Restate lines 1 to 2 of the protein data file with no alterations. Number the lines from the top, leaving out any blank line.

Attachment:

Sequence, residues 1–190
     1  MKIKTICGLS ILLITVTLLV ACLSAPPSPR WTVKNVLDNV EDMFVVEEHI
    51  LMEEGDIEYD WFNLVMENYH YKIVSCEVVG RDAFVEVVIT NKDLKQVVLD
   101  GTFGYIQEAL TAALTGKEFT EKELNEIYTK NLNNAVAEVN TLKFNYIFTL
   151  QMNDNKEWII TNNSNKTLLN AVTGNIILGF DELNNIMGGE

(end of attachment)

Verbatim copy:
Sequence, residues 1–190
     1  MKIKTICGLS ILLITVTLLV ACLSAPPSPR WTVKNVLDNV EDMFVVEEHI